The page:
Another amusing 'what if' that came out of the current series of 'what if' articles. Enjoy.
What if Japan had made a serious effort to finish off the USN first? Rather than shifting most of their attention back to Malaya, the East Indies, Darwin, and the Indian Ocean for 5 or 6 months, and allowing the USN so much time to recover?
And by that, I mean what if Japan had at least followed through with at least a third strike on Pearl Harbour, or, better, with an actual invasion of Hawaii.
(See my previous post on the debate over Japanese plans for such an invasion of Hawaii. Yamamoto and Nimitz both stated categorically that not following through was the greatest mistake the Japanese ever made.)
What if the Japanese had pro-actively concentrated on a 'USN first' strategy, and left the 'clean up' against their other flank until they were completely sure the USN threat was properly undermined?
What if they had concentrated most of their resources from December 1941 until May 1942 on completing the destruction of the USN – rather than wandering backwards and forwards to raid Darwin and the Indian Ocean – before trying to force a Midway style conclusive battle?
If they had substantially reduced the USN in that way, then the Midway style 'decisive battle' plan would have been aimed at the British Eastern Fleet at Ceylon instead.
The two front trap...
Trying to solve the two front trap was the defining issue for aggressors in both World War's. The Schlieffen Plan of WW1, and the Pearl Harbour/Indian Ocean raids of WWII: were both samples of how failing to solve this issue guaranteed losing the war.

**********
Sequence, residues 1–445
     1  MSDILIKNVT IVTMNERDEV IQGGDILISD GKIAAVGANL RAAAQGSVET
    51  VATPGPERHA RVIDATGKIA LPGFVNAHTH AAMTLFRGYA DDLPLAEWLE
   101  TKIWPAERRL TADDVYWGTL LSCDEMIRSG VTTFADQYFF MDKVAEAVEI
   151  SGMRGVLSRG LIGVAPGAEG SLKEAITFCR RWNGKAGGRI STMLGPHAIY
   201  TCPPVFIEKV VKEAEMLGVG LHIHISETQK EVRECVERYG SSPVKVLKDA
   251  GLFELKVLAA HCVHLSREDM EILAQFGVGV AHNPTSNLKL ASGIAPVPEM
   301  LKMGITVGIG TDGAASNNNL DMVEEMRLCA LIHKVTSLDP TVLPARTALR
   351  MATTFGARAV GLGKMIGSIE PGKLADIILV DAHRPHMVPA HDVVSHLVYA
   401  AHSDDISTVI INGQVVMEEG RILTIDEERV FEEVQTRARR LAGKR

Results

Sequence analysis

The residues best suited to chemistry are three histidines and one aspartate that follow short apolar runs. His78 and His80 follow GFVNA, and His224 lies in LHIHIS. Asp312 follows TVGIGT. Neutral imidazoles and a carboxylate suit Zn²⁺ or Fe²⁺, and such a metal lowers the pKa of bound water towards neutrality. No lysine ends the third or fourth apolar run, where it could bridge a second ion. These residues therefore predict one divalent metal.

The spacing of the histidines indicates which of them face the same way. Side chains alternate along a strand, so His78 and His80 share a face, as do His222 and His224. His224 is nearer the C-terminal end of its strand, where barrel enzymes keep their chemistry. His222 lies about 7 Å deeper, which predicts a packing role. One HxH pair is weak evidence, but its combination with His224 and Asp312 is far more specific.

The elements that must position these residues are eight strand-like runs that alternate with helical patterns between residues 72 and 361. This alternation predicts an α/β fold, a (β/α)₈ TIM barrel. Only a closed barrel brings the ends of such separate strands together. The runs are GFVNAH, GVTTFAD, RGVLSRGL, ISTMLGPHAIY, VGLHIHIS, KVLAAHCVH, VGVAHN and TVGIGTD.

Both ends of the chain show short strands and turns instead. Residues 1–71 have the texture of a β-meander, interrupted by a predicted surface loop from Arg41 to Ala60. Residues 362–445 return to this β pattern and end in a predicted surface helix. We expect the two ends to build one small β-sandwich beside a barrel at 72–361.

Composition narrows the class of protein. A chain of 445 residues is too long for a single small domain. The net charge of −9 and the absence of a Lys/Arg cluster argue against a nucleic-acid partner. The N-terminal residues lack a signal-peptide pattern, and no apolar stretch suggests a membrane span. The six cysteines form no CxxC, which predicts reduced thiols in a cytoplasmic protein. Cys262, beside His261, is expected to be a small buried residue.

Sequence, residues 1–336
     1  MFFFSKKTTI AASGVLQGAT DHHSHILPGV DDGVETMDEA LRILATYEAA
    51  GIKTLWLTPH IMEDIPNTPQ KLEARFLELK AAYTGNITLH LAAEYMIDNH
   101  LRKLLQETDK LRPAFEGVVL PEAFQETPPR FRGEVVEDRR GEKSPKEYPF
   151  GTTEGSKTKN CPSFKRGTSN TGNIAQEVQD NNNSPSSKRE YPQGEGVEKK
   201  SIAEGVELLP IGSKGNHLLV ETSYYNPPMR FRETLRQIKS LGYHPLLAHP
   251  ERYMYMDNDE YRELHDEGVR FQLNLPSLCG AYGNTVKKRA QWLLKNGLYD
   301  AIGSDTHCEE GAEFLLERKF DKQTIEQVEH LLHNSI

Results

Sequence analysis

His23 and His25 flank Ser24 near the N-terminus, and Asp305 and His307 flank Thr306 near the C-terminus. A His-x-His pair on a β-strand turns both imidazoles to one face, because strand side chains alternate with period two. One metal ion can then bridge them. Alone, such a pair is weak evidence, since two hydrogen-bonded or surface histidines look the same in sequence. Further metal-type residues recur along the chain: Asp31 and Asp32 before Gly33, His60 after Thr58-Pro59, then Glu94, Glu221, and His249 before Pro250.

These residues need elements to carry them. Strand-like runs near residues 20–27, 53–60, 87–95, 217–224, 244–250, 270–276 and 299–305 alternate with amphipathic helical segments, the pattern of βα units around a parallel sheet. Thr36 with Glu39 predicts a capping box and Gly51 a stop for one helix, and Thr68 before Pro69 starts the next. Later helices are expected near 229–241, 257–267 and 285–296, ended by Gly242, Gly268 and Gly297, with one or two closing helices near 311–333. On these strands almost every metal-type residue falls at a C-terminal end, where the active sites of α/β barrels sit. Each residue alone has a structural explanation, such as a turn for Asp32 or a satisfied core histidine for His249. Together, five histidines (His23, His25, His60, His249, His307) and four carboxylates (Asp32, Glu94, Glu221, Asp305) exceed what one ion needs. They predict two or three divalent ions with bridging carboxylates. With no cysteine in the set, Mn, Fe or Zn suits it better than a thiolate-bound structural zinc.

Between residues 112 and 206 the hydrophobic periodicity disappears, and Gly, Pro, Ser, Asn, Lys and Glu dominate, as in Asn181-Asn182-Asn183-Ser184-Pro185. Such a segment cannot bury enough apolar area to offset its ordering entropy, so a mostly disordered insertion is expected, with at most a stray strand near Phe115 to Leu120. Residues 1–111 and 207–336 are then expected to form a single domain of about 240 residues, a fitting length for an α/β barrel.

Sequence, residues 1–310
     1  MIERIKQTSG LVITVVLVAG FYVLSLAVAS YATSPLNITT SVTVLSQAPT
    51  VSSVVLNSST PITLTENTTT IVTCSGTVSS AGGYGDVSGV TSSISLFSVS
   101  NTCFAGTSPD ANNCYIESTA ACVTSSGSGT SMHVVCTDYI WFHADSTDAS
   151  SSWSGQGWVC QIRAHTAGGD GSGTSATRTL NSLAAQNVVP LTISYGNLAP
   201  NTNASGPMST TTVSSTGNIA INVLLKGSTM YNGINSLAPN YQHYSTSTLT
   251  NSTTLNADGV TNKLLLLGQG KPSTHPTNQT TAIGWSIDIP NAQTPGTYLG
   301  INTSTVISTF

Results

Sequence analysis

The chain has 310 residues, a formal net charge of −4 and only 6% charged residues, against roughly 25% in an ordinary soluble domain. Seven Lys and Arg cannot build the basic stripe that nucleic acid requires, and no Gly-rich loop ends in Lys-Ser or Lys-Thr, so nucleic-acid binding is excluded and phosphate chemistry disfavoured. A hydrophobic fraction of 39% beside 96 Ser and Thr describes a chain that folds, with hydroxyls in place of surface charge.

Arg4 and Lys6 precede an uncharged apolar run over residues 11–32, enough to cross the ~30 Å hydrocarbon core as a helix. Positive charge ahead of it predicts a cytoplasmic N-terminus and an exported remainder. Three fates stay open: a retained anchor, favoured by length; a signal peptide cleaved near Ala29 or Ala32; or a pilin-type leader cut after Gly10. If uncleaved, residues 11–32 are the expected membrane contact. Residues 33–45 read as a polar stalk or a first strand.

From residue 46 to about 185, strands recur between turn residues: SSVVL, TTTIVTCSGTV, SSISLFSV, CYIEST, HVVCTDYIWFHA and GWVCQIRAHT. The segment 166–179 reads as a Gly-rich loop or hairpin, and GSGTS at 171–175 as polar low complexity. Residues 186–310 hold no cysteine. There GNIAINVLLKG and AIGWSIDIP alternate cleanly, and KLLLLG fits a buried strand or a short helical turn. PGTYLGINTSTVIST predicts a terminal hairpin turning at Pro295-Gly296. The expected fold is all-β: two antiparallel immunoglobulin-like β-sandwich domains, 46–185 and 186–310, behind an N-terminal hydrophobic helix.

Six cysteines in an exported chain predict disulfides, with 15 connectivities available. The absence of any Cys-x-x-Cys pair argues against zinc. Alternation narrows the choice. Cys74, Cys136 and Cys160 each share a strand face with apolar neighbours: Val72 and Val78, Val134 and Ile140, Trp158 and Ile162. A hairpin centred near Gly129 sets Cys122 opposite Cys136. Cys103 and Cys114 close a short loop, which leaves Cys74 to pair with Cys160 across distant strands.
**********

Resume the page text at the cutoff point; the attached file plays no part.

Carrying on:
Japan's problem was that they couldn't risk seizing British and Dutch possessions without dealing with their vulnerable flank against the US.
Equally, they couldn't risk dealing with the US without opening their vulnerable flank against potential British/Dutch counter operations. (It's not just the 'possible', 'eventual', threat of a British fleet strong enough to mount an actual offensive they had to fear. Don't underestimate the immediate threat of those dozens of Dutch submarines based in Java against vital Japanese communications in the South China Sea between their homeland and their forces in China and Indochina.)
However it is interesting to speculate on whether it would have been more sensible for the Japanese to concentrate their first few months on the Americans, just assuming the British would not be in any position to mount a major counter threat for many months? (A pretty realistic assumption in early 1942.)
Could that have been more effective than splitting Japanese forces between operations against everyone simultaneously?
In reality of course, we know that the impressive looking efforts careening all over 1/3 of the globe trying to take out the USN at one end and the RN at the other end: just meant that neither was really defeated badly enough to be driven from the field more than temporarily. Despite the Allies slower battleship units sometimes being pushed back as far as the African or US West Coasts, worryingly strong Allied mobile forces always remained hovered around the Indian Ocean and Central and South Pacific. Forces quite capable of mounting Doolittle raids; invasions of Madagascar; spoiling attacks on the Andaman's; or around New Guinea; or at Guadalcanal.
But instead of concentrating on finishing off one opponent or the other, the IJN just rushed backwards and forwards to more and more frantic attempts to achieve 'decisive' results here or there, usually with ever decreasing numbers of planes operating from less and less carriers each time.